Review of draft-ietf-idnabis-defs

John C Klensin klensin at
Mon Oct 26 05:39:08 CET 2009

--On Saturday, October 17, 2009 08:43 -0700 Bernard Aboba
<bernard_aboba at> wrote:

> I have reviewed draft-ietf-idnabis-defs.    Overall, I found
> the document clear and easy to read.  


> Some specific comments below.
> Technical
> Section 2.2
>    When discussing the DNS, this document generally assumes the
>    terminology used in the DNS specifications [RFC1034]
> [RFC1035] as
>    modified by [RFC1123] and [RFC2181].  The term "lookup" is
> used to
>    describe the combination of operations performed by the
> IDNA2008
>    protocol and those actually performed by a DNS resolver.
> The process
>    of placing an entry into the DNS is referred to as
> "registration",
>    similar to common contemporary usage in other contexts.

> [BA] Does the term "registration" apply to DNS dynamic update,
> or only to the initial process of placing an entry?

Uh, yes.  If dynamic update is configured to require that an
RRSET (from the viewpoint of IDNA, a label) is already present,
then one has a lookup situation.  If it is configured for the
"RRSET does not exist" or "Name not in use" cases, then one has
a registration situation.  That said, my personal recommendation
would be to use the more conservative Registration rules any
time one is going to start modifying DNS zones rather than
simply looking something up.  But the WG has not discussed this
topic.  If people are convinced that something must be said on
the subject, we will need to have that discussion.

> Section 2.3.1

>    Labels within the class of R-LDH labels that are not
> prefixed with
>    "xn--" are also not valid IDNA-labels.  To allow for future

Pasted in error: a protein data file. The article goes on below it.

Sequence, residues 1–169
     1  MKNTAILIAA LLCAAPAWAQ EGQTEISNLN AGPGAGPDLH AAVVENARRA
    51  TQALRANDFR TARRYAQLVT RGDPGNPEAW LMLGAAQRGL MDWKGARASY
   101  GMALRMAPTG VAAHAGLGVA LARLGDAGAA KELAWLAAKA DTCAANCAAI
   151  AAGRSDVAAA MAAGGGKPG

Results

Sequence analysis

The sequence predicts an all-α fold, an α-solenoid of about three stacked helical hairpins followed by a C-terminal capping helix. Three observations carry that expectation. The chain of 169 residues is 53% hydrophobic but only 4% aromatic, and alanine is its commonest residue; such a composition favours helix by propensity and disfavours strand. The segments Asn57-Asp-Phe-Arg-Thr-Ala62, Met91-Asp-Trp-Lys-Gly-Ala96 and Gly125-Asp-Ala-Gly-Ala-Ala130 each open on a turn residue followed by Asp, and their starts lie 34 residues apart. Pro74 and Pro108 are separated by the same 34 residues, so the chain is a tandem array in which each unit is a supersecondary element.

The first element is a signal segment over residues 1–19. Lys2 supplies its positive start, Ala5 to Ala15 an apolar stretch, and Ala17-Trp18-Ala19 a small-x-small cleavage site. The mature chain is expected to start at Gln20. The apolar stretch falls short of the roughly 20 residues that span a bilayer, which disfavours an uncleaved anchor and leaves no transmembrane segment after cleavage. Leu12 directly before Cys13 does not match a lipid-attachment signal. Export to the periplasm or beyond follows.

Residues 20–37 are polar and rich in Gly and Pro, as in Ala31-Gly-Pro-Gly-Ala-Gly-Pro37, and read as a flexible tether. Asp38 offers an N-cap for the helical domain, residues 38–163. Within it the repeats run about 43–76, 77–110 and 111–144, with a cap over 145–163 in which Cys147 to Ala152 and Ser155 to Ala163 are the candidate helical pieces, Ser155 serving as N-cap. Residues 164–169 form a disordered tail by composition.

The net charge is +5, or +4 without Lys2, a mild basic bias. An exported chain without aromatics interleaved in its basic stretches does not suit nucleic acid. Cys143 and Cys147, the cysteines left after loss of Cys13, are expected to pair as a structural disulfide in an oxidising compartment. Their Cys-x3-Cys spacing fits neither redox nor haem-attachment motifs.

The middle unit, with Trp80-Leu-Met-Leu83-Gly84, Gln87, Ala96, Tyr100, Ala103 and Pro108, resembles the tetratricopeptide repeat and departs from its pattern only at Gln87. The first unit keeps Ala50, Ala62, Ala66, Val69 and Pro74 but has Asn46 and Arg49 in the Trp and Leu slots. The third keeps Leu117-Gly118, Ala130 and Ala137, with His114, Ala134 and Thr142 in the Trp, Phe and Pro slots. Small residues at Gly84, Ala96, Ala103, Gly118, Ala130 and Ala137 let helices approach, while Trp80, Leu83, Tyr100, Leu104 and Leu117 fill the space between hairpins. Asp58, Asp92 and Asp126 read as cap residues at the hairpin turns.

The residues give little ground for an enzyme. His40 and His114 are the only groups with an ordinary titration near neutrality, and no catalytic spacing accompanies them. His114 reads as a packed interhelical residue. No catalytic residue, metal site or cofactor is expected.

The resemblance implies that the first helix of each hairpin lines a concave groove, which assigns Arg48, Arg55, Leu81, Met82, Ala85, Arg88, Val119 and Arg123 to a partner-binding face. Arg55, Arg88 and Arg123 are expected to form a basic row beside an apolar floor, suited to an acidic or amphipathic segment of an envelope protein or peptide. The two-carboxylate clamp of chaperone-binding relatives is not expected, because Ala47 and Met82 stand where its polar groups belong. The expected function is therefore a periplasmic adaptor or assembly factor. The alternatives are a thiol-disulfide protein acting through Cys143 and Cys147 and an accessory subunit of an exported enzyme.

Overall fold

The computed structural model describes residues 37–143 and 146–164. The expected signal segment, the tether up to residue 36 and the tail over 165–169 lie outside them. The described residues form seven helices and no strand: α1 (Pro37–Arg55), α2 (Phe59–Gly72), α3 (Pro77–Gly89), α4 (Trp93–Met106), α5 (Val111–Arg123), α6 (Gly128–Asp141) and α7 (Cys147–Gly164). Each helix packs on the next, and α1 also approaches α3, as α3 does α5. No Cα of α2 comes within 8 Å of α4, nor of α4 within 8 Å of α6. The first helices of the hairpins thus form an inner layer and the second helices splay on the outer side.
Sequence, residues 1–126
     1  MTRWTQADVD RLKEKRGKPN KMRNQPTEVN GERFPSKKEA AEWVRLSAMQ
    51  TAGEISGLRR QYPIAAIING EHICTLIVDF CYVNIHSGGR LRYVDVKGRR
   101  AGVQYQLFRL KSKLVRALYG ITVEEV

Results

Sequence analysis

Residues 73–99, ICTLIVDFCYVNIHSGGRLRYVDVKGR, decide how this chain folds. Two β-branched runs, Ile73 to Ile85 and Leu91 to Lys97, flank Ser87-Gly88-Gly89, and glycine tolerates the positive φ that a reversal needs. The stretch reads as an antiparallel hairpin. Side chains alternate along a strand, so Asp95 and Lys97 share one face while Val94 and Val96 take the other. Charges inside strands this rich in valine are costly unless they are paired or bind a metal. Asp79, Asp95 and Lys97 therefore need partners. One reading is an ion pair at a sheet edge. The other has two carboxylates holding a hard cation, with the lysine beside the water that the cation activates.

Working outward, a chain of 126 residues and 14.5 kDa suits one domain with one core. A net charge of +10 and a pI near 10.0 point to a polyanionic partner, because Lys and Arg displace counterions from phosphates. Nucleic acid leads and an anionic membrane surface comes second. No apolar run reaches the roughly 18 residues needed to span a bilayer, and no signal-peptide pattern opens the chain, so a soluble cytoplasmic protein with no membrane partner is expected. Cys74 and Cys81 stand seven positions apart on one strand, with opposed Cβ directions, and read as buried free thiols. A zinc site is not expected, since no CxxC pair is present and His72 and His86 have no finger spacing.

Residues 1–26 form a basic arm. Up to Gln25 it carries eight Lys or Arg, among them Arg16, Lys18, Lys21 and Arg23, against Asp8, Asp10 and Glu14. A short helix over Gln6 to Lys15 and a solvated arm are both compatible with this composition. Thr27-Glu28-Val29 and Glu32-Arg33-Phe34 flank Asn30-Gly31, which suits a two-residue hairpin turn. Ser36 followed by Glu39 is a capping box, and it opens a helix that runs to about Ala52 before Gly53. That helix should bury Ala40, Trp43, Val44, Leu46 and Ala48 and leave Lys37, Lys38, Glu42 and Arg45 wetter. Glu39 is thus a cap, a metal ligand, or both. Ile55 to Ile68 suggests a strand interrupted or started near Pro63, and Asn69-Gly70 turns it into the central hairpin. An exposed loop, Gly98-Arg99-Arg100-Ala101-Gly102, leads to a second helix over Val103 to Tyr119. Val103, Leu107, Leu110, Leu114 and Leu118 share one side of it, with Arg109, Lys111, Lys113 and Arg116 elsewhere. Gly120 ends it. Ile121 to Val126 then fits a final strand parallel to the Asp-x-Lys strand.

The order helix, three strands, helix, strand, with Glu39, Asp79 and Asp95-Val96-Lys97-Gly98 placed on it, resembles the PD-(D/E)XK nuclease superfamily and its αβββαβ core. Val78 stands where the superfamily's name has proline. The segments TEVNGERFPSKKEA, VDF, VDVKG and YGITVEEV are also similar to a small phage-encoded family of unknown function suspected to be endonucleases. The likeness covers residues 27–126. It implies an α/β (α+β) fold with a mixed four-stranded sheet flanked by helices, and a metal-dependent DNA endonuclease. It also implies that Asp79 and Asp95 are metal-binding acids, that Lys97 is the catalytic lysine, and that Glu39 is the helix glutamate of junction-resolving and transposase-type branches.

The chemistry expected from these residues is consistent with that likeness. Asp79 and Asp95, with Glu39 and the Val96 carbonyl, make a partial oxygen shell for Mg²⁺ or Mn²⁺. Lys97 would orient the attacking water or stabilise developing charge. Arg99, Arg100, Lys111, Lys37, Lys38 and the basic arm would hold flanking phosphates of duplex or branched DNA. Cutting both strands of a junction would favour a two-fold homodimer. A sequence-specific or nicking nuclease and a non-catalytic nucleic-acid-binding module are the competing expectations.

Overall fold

> use of
>    mechanisms similar to IDNA, those labels MUST NOT be
> processed as
>    ordinary LDH-labels by IDNA-conforming programs and SHOULD
> NOT be
>    mixed with IDNA-labels in the same zone.
> [BA] If one were to write a conformance test based on this
> statement, 
> what kinds of behavior would be prohibited in an
> IDNA-conforming program? 
> For example, does "not processed as ordinary LDH-labels" imply
> that an
> that these labels are not looked up? Is there also an
> implication that these labels should not be registered?

I believe that the confusion here arises from reading
draft-ietf-idnabis-defs in isolation from
draft-ietf-idnabis-protocol.  Writing a conformance test based
on one or the other alone would get one into a lot of trouble,
or at least confusion.  The specifications in Protocol will not
permit an IDNA-aware application to look up or register one of
these labels.

Ignoring some edge cases related to IDNA2003 compatibility and
an important optimization, an IDNA-conforming program should not
look up anything that is not a valid A-label.   The optimization
is the reason for the slightly-convoluted language here: if a
lookup-side user supplies a string starting in "xn--" in a way
that claims it is an IDN A-label, the specification does not
require that it be fully validated by conversion to U-label
form, verifying that conversion is successful, and then applying
all of the tests to the characters and their relationships
required by draft-ietf-idnabis-protocol (and, by extension,
draft-ietf-idnabis-bidi and draft-ietf-idnabis-tables).   That
is explained fairly clearly in draft-ietf-idnabis-protocol.

> Section
>    Clients issuing queries or interpreting responses cannot be
>    assumed to have any knowledge of zone-specific restrictions
> or
>    conventions.
> [BA] Does this statement also extend to clients issuing DNS
> dynamic updates?

If I correctly understand your question, as far as IDNA is
concerned, yes.

> Editorial

> Section
>    Specifically, for IDNA-aware applications, the three allowed
>    categories are A-label, U-label, and NR-LDH-label.  Of the
> reserved 
>    LDH labels (R-LDH-labels) only A-labels are valid for IDNA
> use.

> [BA] A similar statement is made in Section  2.3.1; you might
> consider consolidating this paragraph into that section.

Getting the terminology right was a major preoccupation of the
WG for some time, with many rearrangements and rewrites.  The
risk of causing undesired side-effects by making seemingly
reasonable consolidations or rearrangements of text seems to me
to vastly exceed the advantages of eliminating some redundancy
that the WG has checked and accepted.


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